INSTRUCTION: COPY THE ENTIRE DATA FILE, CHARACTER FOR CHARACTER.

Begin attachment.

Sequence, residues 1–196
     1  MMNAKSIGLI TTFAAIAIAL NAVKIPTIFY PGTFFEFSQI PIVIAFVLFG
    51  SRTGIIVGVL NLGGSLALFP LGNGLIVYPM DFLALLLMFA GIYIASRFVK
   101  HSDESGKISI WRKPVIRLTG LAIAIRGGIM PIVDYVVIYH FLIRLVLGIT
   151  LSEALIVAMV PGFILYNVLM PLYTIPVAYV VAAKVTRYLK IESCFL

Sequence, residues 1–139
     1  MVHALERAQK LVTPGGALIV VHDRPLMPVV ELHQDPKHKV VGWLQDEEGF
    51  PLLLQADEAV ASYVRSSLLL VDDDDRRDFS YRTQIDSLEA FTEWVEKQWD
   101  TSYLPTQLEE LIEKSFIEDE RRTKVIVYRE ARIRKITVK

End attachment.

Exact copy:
Sequence, residues 1–196
     1  MMNAKSIGLI TTFAAIAIAL NAVKIPTIFY PGTFFEFSQI PIVIAFVLFG
    51  SRTGIIVGVL NLGGSLALFP LGNGLIVYPM DFLALLLMFA GIYIASRFVK
   101  HSDESGKISI WRKPVIRLTG LAIAIRGGIM PIVDYVVIYH FLIRLVLGIT
   151  LSEALIVAMV PGFILYNVLM PLYTIPVAYV VAAKVTRYLK IESCFL

Sequence, residues 1–139
     1  MVHALERAQK LVTPGGALIV VHDRPLMPVV ELHQDPKHKV VGWLQDEEGF
    51  PLLLQADEAV ASYVRSSLLL VDDDDRRDFS YRTQIDSLEA FTEWVEKQWD
   101  TSYLPTQLEE LIEKSFIEDE RRTKVIVYRE ARIRKITVK